Large Internet companies have resisted the government’s requests by arguing that “you don’t have the right to operate the account as a person,” according to a person familiar with the issue. “I don’t know what happens when the government goes to smaller providers and demands user passwords,” the person said.
An attorney who represents Internet companies said he has not fielded government password requests, but “we’ve certainly had reset requests — if you have the device in your possession, than a password reset is the easier way.”
Source code to a C implementation of bcrypt, a popular algorithm used for password hashing.
Source code to a C implementation of bcrypt, a popular algorithm used for password hashing.
(Credit: Photo by Declan McCullagh)
Cracking the codes
Even if the National Security Agency or the FBI successfully obtains an encrypted password, salt, and details about the algorithm used, unearthing a user’s original password is hardly guaranteed. The odds of success depend in large part on two factors: the type of algorithm and the complexity of the password.
Algorithms, known as hash functions, that are viewed as suitable for scrambling stored passwords are designed to be difficult to reverse. One popular hash function called MD5, for instance, transforms the phrase “National Security Agency” into this string of seemingly random characters: 84bd1c27b26f7be85b2742817bb8d43b. Computer scientists believe that, if a hash function is well-designed, the original phrase cannot be derived from the output.
But modern computers, especially ones equipped with high-performance video cards, can test passwords scrambled with MD5 and other well-known hash algorithms at the rate of billions a second. One system using 25 Radeon-powered GPUs that was demonstrated at a conference last December tested 348 billion hashes per second, meaning it would crack a 14-character Windows XP password in six minutes.
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The best practice among Silicon Valley companies is to adopt far slower hash algorithms — designed to take a large fraction of a second to scramble a password — that have been intentionally crafted to make it more difficult and expensive for the NSA and other attackers to test every possible combination.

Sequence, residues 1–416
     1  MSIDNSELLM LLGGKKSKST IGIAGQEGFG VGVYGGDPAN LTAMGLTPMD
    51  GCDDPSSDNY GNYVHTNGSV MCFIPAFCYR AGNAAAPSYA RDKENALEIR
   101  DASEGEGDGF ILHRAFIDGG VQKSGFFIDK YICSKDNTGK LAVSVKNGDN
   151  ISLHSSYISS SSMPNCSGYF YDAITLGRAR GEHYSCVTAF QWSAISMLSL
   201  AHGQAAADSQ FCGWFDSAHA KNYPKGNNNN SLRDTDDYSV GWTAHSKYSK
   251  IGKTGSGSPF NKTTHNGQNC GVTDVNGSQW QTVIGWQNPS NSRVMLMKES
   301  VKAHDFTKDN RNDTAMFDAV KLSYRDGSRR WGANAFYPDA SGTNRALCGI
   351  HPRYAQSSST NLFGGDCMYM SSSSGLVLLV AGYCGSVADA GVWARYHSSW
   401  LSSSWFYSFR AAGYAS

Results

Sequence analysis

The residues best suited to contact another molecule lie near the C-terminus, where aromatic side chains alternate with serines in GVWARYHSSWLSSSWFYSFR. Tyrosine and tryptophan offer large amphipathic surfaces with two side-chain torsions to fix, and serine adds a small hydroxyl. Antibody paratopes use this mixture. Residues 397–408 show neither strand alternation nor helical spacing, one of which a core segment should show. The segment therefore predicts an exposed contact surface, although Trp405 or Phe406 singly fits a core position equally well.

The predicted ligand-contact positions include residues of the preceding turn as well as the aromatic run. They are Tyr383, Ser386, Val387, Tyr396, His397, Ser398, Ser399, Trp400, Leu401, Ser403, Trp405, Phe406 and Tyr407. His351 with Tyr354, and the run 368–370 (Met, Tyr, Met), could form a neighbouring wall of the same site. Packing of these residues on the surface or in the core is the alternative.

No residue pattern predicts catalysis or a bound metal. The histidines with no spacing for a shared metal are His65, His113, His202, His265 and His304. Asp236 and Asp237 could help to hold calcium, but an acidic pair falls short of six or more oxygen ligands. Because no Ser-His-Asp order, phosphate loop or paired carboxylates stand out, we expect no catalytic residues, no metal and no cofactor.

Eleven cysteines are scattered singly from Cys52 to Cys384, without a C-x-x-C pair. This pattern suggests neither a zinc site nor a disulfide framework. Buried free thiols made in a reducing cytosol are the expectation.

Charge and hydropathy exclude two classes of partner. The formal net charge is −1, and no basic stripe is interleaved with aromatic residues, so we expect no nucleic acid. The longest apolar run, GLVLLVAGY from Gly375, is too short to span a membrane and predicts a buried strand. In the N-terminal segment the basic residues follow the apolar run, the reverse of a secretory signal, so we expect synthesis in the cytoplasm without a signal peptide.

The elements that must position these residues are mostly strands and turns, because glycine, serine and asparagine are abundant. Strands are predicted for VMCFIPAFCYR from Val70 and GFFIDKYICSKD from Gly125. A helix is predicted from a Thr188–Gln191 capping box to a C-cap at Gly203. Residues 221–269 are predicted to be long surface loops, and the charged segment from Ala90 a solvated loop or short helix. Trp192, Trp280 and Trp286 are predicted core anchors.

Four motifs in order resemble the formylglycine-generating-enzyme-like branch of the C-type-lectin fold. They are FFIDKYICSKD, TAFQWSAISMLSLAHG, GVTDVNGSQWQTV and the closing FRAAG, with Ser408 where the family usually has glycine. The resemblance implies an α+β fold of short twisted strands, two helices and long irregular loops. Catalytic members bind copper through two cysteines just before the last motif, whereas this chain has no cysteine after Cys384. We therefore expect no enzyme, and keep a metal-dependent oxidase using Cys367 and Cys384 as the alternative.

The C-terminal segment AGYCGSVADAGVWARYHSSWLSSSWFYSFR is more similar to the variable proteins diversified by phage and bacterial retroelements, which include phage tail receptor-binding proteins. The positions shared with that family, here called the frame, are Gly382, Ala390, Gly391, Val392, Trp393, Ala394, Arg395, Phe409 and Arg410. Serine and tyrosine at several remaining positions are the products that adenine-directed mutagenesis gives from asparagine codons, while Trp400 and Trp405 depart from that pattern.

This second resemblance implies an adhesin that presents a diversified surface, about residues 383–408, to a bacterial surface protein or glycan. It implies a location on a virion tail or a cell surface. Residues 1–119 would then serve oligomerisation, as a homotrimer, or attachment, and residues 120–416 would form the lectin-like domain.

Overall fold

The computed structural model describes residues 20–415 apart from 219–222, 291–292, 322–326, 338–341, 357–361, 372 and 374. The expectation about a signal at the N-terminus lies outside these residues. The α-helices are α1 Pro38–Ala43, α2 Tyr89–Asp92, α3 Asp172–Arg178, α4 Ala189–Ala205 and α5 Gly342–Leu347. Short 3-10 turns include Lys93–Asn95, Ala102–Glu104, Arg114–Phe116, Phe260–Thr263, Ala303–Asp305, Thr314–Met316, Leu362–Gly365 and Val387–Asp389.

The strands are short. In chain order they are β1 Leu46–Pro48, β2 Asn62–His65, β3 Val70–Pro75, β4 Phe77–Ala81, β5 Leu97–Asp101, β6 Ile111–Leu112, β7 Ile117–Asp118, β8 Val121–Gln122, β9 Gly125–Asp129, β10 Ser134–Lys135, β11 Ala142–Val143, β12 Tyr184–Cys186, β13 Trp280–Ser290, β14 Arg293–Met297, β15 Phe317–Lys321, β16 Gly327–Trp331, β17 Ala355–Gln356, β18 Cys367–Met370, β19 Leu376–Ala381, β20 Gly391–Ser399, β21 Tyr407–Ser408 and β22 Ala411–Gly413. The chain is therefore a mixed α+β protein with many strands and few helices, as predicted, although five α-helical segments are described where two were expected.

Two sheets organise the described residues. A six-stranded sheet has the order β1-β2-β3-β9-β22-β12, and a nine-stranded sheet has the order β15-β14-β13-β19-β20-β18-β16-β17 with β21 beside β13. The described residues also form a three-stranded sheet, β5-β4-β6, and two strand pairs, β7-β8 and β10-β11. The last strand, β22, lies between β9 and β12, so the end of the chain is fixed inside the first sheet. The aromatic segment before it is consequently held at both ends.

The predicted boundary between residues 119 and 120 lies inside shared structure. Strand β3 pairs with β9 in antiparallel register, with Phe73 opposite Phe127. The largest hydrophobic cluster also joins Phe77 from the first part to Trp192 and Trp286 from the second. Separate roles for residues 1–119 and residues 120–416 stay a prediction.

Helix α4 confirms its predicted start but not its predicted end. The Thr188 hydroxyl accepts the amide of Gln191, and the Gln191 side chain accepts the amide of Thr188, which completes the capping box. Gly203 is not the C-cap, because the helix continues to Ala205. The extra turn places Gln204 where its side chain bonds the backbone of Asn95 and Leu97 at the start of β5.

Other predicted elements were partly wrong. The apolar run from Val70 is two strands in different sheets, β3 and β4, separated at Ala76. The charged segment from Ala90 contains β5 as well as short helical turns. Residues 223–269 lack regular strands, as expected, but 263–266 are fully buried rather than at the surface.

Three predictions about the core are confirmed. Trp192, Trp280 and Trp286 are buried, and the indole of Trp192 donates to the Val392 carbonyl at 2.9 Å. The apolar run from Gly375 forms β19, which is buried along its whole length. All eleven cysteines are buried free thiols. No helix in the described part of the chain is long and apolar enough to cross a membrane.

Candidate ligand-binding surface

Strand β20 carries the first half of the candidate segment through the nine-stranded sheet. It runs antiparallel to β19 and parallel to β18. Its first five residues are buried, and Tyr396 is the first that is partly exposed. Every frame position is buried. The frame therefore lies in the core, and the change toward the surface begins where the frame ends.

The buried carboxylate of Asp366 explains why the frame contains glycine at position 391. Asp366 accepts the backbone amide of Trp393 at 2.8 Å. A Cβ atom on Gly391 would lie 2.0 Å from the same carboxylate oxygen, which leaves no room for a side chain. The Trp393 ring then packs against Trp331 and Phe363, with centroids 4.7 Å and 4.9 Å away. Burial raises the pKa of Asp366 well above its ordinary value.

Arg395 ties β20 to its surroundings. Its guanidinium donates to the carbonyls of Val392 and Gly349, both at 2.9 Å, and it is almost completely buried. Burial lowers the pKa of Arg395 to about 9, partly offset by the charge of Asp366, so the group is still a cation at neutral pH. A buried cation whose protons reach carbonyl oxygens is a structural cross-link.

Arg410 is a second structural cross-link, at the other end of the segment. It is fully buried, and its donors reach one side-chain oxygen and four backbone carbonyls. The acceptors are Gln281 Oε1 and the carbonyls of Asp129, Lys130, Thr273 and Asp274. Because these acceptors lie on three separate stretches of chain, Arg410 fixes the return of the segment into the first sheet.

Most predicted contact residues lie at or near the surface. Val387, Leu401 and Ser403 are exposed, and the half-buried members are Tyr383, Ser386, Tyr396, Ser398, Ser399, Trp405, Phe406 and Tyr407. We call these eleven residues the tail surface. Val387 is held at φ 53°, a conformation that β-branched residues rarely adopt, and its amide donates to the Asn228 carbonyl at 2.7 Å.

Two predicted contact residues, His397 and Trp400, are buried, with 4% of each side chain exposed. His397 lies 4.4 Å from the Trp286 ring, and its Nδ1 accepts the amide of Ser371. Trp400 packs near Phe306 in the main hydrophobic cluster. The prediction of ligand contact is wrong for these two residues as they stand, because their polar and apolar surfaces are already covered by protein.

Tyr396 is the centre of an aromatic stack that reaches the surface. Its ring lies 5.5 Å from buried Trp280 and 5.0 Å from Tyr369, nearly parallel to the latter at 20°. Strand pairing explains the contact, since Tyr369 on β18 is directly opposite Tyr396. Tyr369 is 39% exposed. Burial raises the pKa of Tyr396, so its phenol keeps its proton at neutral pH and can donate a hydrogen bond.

One popular algorithm, used by Twitter and LinkedIn, is called bcrypt. A 2009 paper (PDF) by computer scientist Colin Percival estimated that it would cost a mere $4 to crack, in an average of one year, an 8-character bcrypt password composed only of letters. To do it in an average of one day, the hardware cost would jump to approximately $1,500.
But if a password of the same length included numbers, asterisks, punctuation marks, and other special characters, the cost-per-year leaps to $130,000. Increasing the length to any 10 characters, Percival estimated in 2009, brings the estimated cracking cost to a staggering $1.2 billion.
As computers have become more powerful, the cost of cracking bcrypt passwords has decreased. “I’d say as a rough ballpark, the current cost would be around 1/20th of the numbers I have in my paper,” said Percival, who founded a company called Tarsnap Backup, which offers “online backups for the truly paranoid.” Percival added that a government agency would likely use ASICs — application-specific integrated circuits — for password cracking because it’s “the most cost-efficient — at large scale — approach.”
While developing Tarsnap, Percival devised an algorithm called scrypt, which he estimates can make the “cost of a hardware brute-force attack” against a hashed password as much as 4,000 times greater than bcrypt.
Bcrypt was introduced (PDF) at a 1999 Usenix conference by Niels Provos, currently a distinguished engineer in Google’s infrastructure group, and David Mazières, an associate professor of computer science at Stanford University.
With the computers available today, “bcrypt won’t pipeline very well in hardware,” Mazières said, so it would “still be very expensive to do widespread cracking.”